Marylou Behnke is honored for her lifetime achievement

A professor emeritus of pediatrics in neonatology in the College of Medicine was honored for her lifetime achievement in research, education and leadership at the University of Florida. Marylou Behnke, M.D., who helped to create a center for excellence in early childhood studies at UF, was recognized for more than 35 years of exemplary service at the UF College of Medicine’s awards ceremony in early April.

A founding faculty member of the center, first established in 2010, Behnke continues to serve on the leadership team for the growing Anita Zucker Center for Excellence in Early Childhood Studies, which is administratively housed in the UF College of Education.

Patricia Snyder, Ph.D., a professor and director of the interdisciplinary center focused on early development and learning from birth to age 5, initiated collaboration with Behnke and her colleague Fonda Davis Eyler, Ph.D., a developmental psychologist, in 2007. Together, their work engaged the knowledge and recommended practices in education and medicine in an early intervention study for children with disabilities. As former Medical Director of North Central Early Steps, a part of Florida’s early intervention program, Behnke’s alliance with Eyler and Snyder was among the early partnerships that helped establish a foundation for the Anita Zucker Center that would attract other disciplines across campus to work in partnership and within the community.

After earning an M.D. at UF in 1976, Behnke completed a four-year residency in pediatrics, followed by a two-year fellowship in neonatology. Her research interest and practice with newborns led to a concern over the rise in addictive cocaine use during pregnancy in the mid-1980s. She hoped to establish data that would show how effects during prenatal development could set the earliest trajectory for newborns into later childhood. Her 17-year longitudinal study investigated the short- and long-term effects of prenatal exposure to cocaine and what that meant through the school years.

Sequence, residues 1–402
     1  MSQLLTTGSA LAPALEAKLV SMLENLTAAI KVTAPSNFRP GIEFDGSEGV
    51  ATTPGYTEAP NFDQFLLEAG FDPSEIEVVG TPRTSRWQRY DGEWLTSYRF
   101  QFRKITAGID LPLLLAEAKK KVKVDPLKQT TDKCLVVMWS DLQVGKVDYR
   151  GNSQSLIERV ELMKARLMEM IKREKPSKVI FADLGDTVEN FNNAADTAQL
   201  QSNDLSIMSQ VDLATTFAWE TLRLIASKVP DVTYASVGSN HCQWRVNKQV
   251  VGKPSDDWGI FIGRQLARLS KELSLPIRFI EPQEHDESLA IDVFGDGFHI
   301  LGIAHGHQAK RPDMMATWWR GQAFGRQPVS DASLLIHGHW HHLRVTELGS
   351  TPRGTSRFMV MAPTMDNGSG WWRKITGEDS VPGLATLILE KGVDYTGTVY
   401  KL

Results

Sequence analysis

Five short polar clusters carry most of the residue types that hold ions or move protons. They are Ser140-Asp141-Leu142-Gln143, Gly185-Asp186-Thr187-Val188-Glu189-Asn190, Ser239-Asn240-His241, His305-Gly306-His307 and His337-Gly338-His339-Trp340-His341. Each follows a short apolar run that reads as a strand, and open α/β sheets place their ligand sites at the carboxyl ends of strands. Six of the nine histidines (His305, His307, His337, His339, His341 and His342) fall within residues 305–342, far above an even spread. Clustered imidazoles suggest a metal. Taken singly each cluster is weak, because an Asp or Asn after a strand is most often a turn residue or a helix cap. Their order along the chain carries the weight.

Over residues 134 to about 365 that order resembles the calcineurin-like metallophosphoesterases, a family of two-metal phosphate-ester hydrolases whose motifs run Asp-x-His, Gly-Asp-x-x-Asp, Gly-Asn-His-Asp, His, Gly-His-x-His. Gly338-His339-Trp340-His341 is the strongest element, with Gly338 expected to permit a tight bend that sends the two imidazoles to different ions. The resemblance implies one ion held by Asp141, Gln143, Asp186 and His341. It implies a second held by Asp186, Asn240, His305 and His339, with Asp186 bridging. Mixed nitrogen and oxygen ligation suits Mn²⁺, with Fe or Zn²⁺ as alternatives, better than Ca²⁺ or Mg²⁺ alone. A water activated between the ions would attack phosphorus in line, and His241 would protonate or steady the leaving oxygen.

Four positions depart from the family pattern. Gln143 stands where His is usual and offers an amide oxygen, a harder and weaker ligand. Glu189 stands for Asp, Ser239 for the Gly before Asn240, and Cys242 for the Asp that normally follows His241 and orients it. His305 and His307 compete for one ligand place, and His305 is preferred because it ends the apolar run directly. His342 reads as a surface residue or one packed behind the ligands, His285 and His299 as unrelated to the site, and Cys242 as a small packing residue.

Behnke’s contributions extend from Gainesville, Florida to Africa, where she spends time each year bringing interdisciplinary care and support to those with significant needs. She has been a collaborative partner and valued advisor as the work and support of the Anita Zucker Center continued to grow over the past five years, said Snyder, who was named David Lawrence Jr Endowed Chair in Early Childhood Studies in 2007.

“Dr. Behnke’s life’s work reaches beyond her medical practice in pediatrics and in neonatal care,” Snyder said. “What is most remarkable are her sustained and holistic contributions as a physician, scientist, and role model for women.”

As a core faculty member for the UF Post-Doctoral Research Training Fellowship in Early Intervention and Early Learning in Special Education, Behnke also supports the Anita Zucker Center’s postdoctoral fellows. Through her expertise, fellows gain greater understanding about the neonatal experiences of young children. They also learn features of effective follow-up programs and early interventions that support the development and learning of infants and toddlers, at risk or with disabilities, and their families.